What has happened to Greek wine over the last 2000 years? Undisputed leaders to no hopers, overtaken by the likes of Bulgaria, Chile and even the New World.
It's a sorry tale. But their legacy in Italy carries on. In fact, history tells us that around 300 BC a plot of land used for the cultivation of wine was worth six times more than a similar area dedicated to cereals.
It was such big business those days that the region now known as Calabria was named 'Enotria'.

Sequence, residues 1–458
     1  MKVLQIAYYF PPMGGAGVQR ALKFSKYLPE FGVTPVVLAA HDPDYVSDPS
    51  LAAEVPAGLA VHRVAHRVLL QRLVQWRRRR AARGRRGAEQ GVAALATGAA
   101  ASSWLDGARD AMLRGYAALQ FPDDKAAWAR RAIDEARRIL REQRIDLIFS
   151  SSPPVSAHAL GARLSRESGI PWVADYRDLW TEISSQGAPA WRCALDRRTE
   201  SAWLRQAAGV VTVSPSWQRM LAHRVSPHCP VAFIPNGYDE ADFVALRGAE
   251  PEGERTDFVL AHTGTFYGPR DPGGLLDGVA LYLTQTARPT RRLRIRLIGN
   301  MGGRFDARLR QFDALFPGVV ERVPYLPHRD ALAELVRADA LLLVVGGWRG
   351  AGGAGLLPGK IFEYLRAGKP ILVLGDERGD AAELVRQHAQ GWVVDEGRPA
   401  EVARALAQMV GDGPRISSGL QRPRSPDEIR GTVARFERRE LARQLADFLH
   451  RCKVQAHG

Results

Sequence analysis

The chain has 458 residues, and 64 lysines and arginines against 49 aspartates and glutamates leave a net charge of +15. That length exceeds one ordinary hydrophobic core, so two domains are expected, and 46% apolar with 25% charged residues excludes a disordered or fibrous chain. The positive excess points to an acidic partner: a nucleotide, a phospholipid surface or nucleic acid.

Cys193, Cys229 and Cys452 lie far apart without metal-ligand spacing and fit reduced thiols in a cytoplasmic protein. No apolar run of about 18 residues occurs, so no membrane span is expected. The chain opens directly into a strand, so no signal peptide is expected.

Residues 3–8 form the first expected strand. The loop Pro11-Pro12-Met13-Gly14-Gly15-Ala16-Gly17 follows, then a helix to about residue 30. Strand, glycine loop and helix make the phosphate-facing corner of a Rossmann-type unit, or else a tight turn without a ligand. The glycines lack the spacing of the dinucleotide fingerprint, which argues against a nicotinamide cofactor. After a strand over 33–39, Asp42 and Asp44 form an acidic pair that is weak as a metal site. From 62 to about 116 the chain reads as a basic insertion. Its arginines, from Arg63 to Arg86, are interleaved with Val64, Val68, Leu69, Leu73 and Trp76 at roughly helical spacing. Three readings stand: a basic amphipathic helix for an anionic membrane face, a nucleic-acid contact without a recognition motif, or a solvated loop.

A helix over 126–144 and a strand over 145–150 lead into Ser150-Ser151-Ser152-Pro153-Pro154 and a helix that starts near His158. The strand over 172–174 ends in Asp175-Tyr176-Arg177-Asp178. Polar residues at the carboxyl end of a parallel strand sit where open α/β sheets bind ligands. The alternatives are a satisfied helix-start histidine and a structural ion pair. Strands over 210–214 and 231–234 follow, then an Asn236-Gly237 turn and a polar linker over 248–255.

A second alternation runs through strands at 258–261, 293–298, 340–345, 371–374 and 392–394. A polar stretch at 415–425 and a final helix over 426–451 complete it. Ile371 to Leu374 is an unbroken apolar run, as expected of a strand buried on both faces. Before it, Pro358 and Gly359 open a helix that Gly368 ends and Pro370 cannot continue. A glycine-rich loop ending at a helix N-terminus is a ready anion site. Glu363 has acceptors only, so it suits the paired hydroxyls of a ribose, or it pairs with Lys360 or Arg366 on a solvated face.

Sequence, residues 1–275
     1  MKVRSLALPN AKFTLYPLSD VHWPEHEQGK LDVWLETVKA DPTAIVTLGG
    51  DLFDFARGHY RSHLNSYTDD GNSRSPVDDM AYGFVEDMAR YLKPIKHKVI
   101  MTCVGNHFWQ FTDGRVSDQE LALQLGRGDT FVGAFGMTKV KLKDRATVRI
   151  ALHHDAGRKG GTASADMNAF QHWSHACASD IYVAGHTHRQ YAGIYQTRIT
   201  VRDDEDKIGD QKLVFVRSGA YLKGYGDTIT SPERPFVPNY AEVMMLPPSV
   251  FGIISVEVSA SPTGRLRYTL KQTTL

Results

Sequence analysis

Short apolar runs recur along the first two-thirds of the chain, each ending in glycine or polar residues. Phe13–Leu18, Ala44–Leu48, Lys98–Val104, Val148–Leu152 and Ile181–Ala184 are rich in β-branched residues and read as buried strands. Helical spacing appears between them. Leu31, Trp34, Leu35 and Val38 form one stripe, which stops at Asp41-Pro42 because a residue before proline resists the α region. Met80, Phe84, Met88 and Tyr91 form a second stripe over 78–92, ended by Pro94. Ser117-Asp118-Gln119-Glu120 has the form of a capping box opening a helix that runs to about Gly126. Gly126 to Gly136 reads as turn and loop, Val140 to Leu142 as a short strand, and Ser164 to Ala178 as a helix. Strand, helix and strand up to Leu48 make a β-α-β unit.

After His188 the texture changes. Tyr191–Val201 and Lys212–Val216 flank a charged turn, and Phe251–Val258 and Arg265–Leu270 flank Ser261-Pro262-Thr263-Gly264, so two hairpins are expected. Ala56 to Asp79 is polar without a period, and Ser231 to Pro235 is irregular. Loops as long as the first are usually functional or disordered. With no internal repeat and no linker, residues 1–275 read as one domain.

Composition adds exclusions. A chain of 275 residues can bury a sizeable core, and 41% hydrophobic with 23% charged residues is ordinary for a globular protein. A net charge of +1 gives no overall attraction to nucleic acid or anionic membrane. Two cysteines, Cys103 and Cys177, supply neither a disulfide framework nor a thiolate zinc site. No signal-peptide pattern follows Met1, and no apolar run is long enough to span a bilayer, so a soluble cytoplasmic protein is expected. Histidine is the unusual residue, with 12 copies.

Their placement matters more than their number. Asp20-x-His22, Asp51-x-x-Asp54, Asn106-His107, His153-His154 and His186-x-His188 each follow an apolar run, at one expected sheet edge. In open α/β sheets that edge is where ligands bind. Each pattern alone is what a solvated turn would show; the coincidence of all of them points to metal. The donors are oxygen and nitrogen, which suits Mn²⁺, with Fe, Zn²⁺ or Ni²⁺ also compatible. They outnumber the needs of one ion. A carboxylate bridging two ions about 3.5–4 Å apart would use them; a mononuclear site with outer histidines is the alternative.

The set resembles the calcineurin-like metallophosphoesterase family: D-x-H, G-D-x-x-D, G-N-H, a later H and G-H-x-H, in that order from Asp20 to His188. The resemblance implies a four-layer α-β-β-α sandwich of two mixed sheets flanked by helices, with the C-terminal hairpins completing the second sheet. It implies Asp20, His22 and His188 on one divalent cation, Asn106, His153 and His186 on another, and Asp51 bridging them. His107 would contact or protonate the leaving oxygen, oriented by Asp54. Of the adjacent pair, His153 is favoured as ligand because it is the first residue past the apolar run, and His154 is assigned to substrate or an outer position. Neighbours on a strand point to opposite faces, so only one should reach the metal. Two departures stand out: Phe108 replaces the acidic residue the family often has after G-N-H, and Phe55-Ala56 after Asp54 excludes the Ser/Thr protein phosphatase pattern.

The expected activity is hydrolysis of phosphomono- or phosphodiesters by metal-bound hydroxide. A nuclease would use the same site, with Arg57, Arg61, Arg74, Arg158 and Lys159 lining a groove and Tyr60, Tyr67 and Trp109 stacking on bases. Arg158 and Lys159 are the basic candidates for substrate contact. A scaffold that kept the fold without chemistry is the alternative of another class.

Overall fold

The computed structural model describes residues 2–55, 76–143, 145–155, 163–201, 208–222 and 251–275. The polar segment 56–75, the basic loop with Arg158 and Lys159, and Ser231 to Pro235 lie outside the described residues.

Of all the wines in the region, 'Cirò' is the most celebrated and is perhaps the wine which most retains its Greek heritage. It is still made with the same grape imported by the ancient Greeks and it this 'Krimisa' wine was the one given to the winning athletes of the classical Olympic games.
Also look out for the 'Ciro Marina' which is cultivated near the ancient colony of 'Cremissa' and the inevitable 'Enotria' which is shamelessly branded as the most Greek of Italian wines.
Two additional grapes include the 'Gaglioppo' to be found almost exclusively in the provinces of Catanzaro and Cosenza and the 'Greco Nero' a direct descendent of those vines imported by the Greeks.